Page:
The inequality “problem” — the growing gap between the very rich and those near the bottom — has become a popular topic of discussion ever since the release of French economist Thomas Piketty’s book, Capital in the Twenty-First Century, earlier this year. It’s over 600 pages long, so I doubt that anyone has actually read it (Bill Gates claims that he has), but everyone knows what Piketty has identified as the problem — a growing disparity of income and, more importantly, wealth; and his solution — an annual wealth tax, coupled with a steeply progressive income tax.
Just what our lethargic economy needs. Yet, Piketty’s work has become phenomenally popular, and seems to be taken seriously by a lot of people who should know better. It’s not just liberal economists like Paul Krugman and Robert Reich, or liberal politicians like Elizabeth Warren and Hillary Clinton. It’s also Fed Chair Janet Yellen, billionaire Bill Gates, and others, all of whom appear to buy into Piketty’s general premise that the gap is too large, and that too much financial inequality is a bad thing.
“Inequality” is a powerful word with all sorts of negative connotations, so it’s not surprising that nobody has been willing to stand up and speak out in favor of it. Perhaps somebody should. A disparity in income and wealth accumulation is an inherent feature of the capitalist system, and a big part of what makes it work so effectively. It drives individuals to educate themselves, work hard, work smart, and invest wisely.
As noted above, Piketty is a French economist. Born there, educated there, lives there. France — a country with an unemployment rate consistently over 10% and a GDP growth rate of zero; a country that has had a wealth tax since the 1980s; an income tax that tops out at a 75% rate; and has seen the flight of billions of dollars of capital. I mean, why wouldn’t we want to listen to this guy and hear his solutions to our inequality problem?
France isn’t the only country with a wealth tax. You can throw in Spain (with its 25% unemployment rate and negative GDP growth), along with Iceland, India, and a few others. Politically, it’s easy to see how such a tax comes to pass. The rates seem low, only a percent or two; and the tax applies only to the rich. Piketty recommends an annual one percent tax on net worth between $1.3 million and $6.5 million, and a two percent tax on net worth above $6.5 million. An easy sell to an unhappy electorate in a stagnant economy. But what would it accomplish? Yes, the rich will become a little less rich each year. But the tax does nothing to improve the financial lot of anyone else. It simply takes wealth out of the hands of those who have proven themselves most adept at earning and investing capital, and puts it in the hands of the government. How can that possibly achieve economic growth?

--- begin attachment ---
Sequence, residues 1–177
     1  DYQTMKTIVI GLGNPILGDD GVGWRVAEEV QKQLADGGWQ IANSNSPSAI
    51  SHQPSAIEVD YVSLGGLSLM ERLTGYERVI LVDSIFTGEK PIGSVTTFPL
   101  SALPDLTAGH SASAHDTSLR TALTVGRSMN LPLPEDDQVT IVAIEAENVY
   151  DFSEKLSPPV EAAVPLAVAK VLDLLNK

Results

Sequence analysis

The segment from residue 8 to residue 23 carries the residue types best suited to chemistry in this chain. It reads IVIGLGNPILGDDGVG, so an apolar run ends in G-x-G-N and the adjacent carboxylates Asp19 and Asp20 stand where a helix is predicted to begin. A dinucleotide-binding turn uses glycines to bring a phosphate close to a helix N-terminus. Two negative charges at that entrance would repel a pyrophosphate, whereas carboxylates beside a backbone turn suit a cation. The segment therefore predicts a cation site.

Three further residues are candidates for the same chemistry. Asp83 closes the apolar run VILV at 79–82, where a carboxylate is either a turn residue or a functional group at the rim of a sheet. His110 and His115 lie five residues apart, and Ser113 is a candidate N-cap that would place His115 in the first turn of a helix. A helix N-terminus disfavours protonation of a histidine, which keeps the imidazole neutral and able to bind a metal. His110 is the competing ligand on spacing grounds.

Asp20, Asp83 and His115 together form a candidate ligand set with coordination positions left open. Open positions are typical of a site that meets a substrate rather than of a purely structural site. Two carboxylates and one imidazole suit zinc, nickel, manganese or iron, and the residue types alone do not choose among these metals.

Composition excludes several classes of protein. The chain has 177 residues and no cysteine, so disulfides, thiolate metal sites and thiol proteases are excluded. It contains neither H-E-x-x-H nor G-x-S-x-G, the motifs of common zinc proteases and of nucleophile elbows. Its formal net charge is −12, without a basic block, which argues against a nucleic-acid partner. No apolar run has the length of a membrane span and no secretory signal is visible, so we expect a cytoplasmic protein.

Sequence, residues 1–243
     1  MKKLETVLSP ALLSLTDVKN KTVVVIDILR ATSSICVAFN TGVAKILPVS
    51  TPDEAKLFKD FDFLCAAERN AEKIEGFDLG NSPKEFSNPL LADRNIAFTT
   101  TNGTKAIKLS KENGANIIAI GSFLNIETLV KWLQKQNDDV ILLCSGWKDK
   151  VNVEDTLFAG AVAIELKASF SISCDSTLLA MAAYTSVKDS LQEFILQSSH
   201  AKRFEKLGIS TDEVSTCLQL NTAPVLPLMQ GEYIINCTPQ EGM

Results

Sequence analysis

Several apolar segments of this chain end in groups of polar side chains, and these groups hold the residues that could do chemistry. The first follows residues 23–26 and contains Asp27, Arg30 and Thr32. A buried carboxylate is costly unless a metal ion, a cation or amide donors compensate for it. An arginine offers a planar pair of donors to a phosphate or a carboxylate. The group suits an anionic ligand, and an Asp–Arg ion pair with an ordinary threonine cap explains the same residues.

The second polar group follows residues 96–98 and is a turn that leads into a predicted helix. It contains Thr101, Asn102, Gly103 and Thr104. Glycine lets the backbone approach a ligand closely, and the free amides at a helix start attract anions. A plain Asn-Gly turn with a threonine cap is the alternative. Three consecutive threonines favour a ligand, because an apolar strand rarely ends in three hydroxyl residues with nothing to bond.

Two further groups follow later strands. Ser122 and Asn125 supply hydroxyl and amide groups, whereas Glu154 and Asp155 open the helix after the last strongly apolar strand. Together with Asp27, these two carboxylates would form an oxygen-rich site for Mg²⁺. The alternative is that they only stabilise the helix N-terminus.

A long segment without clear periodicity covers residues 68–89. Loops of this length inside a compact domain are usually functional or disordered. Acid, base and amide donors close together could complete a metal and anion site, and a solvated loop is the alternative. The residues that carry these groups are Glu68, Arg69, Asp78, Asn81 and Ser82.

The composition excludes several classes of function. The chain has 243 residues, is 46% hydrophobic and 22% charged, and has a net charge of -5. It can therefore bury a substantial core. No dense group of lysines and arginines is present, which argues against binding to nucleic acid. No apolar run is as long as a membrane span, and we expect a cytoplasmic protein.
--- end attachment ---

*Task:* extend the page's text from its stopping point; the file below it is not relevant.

We really shouldn’t concern ourselves with the size of the financial gap as long as living standards remain high, absolute poverty levels are low, and access to the top is open. The Forbes 400 list isn’t comprised of Vanderbilts, Rockerfellers and Fords. It’s full of Gates, Zuckerbergs and Ellisons. Its turnover is remarkable. The absolute poverty level in the U.S. is low. Most of our poor (and “poor” is indeed a relative term) have a living standard that would be considered quite comfortable by most of the world.
The economy is not a zero-sum game; it’s not a fixed-size pie. The fact that those at the top have a big slice doesn’t mean that those at the bottom have received a smaller slice as a result. The economy is a living organism, capable of tremendous growth if given the right environment. That growth creates jobs, higher wages, and opportunity. Our wealthiest citizens don’t squander their wealth on lavish personal expenditures. They reinvest it — something they’ve proven themselves quite adept at doing. If they continue to do so, our economy will continue to grow, producing new jobs and new opportunities for all.
Jeff Lerner is a tax attorney who resides in Fort Worth, Texas. Over a 40 year career, he has provided legal representation to a diverse list of clients, including railroads, energy companies and Indian tribes. He was formerly Vice President-Taxes for the Burlington Northern Railroad Company (now BNSF).